Both Myles and Oz are incredible engineers and teachers, and were the two people who have had the greatest impact on my career as an engineer. Working with them, I experienced the highest growth period of my career.
Myles and Oz taught me to be tenacious about figuring out what’s going on under the hood, rather than blindly trusting the abstractions I’m working with. I will look back upon my training with Bradfield as a significant inflection point in my development as an engineer and as a thinker.
If you care about software craftsmanship then you need to master computer science, full stop. I’m embarrassed to say that I once scoffed at the idea of studying the fundamentals before learning the latest trends—I blame my bootcamp roots—because now that I’ve started, I’ve become a vastly better engineer.
Take a Bradfield course if you want to accelerate your software engineering career. The classes are small, the material is relevant, and the pace is fast but manageable. I was promoted to Lead iOS Engineer after taking one course!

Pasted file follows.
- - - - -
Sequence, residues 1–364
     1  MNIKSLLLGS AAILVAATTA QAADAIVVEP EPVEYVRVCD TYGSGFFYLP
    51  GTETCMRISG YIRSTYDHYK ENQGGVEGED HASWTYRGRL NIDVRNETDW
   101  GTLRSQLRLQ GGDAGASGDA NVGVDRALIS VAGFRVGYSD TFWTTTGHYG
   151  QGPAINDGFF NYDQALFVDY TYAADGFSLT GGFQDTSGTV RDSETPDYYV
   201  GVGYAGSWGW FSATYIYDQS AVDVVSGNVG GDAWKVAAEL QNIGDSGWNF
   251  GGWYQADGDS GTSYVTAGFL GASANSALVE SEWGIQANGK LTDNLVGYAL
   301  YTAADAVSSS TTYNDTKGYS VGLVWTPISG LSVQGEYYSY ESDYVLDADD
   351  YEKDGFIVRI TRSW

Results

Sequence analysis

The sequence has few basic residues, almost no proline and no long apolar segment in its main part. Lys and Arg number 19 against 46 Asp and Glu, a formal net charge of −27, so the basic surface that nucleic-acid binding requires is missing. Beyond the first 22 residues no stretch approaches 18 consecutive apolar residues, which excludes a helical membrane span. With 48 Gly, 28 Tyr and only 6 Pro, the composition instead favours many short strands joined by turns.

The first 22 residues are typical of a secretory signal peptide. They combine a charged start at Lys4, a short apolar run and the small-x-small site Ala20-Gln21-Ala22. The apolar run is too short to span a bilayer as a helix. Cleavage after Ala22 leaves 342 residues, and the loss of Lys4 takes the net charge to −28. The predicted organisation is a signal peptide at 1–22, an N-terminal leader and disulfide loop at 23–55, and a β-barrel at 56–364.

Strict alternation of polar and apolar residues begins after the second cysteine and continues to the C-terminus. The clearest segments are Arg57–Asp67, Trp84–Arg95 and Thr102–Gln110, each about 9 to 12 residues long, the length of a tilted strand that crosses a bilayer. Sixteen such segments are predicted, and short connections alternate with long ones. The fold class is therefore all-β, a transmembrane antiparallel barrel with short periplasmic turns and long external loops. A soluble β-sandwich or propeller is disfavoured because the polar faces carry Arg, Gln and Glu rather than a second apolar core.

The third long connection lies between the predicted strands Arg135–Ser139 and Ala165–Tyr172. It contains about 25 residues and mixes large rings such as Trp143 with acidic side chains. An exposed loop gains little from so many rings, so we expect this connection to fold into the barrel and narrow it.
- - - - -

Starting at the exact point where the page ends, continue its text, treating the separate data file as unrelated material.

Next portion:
Myles helped me not just with the things I didn’t know, but more importantly with the things I didn’t know I didn’t know. He was instrumental to me building up my programming interview skillsets. Through working with Myles, I have already landed one offer that was $42k higher than my previous salary.
Myles and Oz are extraordinary teachers. They have a rare combination of deep theoretical knowledge, practical experience, and a knack for distilling complex topics into simple ideas. Under their tutelage I’ve become a higher-leverage engineer, a more capable problem-solver, and most importantly, a more confident, dedicated learner.
The Bradfield program’s closely-mentored instruction is exactly the sort of prep we think sets candidates up for success.
If you are a strong programmer but strive to do more challenging and rewarding work, then Bradfield is here to serve you. We feel that it’s relatively easy to teach yourself a new language or technology, so we focus on the challenging computer science concepts that will make you a significantly better engineer, but that are hard to learn without some instruction and a supportive environment. As far as we know, we are the only institution that does this outside of a university environment.